1. Paul Krugman discovers that Paul Ryan was influenced by Ayn Rand. How did he find out this well-guarded secret? From reading Ryan's speeches, where he talks about it pretty much all the time. Next week Krugman may discover that the sun rises in the east, but I'm not holding my breath.
2. Josh Barro at Bloomberg joins a growing list of people attacking Libertarian Presidential candidate Gary Johnson as doomed because he's not more like Republicans and Democrats. This is a good thing, since we've moved beyond the "ignoring" phase into the "attacking" phase, but you have to love the money quote here:
Johnson won two solid victories in his races for governor; in 1998, he took 55 percent of the vote. With a similar agenda at the national level, a Libertarian candidate ought to be able to poll higher than 1 percent. But it would require the Libertarian Party to give up on being more extreme than Republicans and Democrats.So if only the Libertarians would become less socially conservative to be more like Democrats, and less fiscally conservative to be more like Republicans, people would vote for them because--after all--people are only interested in voting for candidates who, you know, sound like Dems and GOPers.
3. In Delaware, 32nd Rep District primary candidate Ellis Parrott says you can't just let anybody run for office or participate in debate--especially not Will McVay. My two favorite quotes:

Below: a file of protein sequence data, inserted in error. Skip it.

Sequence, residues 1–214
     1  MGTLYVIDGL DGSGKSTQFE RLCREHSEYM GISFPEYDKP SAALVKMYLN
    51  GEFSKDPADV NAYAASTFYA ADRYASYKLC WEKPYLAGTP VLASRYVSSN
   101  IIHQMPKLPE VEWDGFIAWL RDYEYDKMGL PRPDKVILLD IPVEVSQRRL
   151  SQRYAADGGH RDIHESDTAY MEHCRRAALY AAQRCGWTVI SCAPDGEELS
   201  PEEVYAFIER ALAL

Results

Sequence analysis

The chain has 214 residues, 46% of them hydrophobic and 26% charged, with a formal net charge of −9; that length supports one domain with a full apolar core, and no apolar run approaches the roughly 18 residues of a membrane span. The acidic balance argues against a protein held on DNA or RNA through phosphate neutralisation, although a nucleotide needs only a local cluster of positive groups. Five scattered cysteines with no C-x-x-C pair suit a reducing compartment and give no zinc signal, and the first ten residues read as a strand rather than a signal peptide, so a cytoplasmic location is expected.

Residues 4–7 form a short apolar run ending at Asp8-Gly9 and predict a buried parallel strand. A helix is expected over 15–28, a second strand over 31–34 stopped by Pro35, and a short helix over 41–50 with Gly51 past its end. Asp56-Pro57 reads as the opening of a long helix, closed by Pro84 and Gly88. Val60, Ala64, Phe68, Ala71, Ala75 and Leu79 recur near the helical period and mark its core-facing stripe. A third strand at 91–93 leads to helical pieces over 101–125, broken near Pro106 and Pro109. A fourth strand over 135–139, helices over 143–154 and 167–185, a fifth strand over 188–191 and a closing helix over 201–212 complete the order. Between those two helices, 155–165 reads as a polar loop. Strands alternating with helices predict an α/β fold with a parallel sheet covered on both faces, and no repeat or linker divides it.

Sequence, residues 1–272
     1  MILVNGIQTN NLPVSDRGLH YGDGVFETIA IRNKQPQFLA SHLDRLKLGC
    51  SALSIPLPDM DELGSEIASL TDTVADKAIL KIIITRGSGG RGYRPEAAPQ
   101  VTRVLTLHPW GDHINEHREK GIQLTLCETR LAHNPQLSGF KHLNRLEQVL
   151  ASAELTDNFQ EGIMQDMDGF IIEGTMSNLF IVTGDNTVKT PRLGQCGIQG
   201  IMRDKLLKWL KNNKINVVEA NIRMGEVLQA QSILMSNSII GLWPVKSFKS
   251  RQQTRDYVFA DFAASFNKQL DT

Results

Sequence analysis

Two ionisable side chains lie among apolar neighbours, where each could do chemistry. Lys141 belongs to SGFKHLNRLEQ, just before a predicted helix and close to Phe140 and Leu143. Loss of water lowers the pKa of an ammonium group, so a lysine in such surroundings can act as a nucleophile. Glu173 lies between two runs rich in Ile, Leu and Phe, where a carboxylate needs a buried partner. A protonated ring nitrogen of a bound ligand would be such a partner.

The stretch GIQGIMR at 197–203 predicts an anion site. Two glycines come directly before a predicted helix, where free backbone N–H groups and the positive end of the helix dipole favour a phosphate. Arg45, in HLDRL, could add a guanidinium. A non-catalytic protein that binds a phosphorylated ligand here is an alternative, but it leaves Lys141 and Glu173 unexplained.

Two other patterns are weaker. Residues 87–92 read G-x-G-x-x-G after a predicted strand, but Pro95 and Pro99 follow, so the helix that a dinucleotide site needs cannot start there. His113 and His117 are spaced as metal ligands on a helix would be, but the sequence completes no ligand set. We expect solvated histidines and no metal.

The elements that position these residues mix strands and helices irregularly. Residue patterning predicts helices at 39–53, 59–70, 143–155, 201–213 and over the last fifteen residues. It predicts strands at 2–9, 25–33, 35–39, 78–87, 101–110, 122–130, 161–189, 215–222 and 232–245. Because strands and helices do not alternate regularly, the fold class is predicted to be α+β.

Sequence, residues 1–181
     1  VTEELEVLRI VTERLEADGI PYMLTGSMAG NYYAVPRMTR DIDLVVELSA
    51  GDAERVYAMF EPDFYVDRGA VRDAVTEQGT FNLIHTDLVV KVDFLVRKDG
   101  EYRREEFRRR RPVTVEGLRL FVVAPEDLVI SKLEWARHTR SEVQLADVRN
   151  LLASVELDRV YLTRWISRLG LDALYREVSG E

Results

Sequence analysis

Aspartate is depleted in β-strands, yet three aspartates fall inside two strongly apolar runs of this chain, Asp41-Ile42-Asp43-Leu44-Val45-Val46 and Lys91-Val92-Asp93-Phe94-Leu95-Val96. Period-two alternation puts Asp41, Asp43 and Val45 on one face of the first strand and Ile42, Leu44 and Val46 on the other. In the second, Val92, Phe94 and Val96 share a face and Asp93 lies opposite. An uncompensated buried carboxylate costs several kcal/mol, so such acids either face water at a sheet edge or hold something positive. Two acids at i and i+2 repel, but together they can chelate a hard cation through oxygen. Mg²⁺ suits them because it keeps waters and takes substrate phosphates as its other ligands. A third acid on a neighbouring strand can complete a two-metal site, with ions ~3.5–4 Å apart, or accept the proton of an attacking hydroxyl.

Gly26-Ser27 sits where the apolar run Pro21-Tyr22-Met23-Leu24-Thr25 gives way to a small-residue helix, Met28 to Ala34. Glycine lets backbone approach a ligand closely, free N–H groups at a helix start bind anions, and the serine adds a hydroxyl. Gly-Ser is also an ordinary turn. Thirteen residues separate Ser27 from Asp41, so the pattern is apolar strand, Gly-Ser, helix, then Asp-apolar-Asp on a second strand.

“He paid the fee as a candidate,” Parrott told the Dover Post. “That doesn’t make him a legitimate candidate. I have no problem debating any legitimate candidate.”
“The problem is, where do you draw the line if you allow a Libertarian to debate? Parrott said. “You have two major parties in this state. Do you allow the other minor parties to debate as well? Nationally, there is the same question."In other words, your opponent's sensibilities and not the Delaware Department of Elections now decides who is a "legitimate" candidate, and--you know--if you let Libertarians debate real candidates you never know what might happen.
The real laugher, Ellis, is your contention that we have "two major parties" in this State. In case you hadn't noticed, the GOP is tanking as fast as it can manage, and you guys now consider a good statewide election one you only lose 60%-40%.
4. And in an excellent piece I read several days ago but neglected to cover, at HuffPo Jonathan Turley makes the case quite convincingly that--as far as civil liberties go--Barack Obama is one of the worst presidents we have ever had in the Oval Office. Here's just one Secret evidence
The government now routinely uses secret evidence to detain individuals and employs secret evidence in federal and military courts. It also forces the dismissal of cases against the United States by simply filing declarations that the cases would make the government reveal classified information that would harm national security -- a claim made in a variety of privacy lawsuits and largely accepted by federal judges without question. Even legal opinions, cited as the basis for the government's actions under the Bush and Obama administrations, have been classified. This allows the government to claim secret legal arguments to support secret proceedings using secret evidence. In addition, some cases never make it to court at all. The federal courts routinely deny constitutional challenges to policies and programs under a narrow definition of standing to bring a case.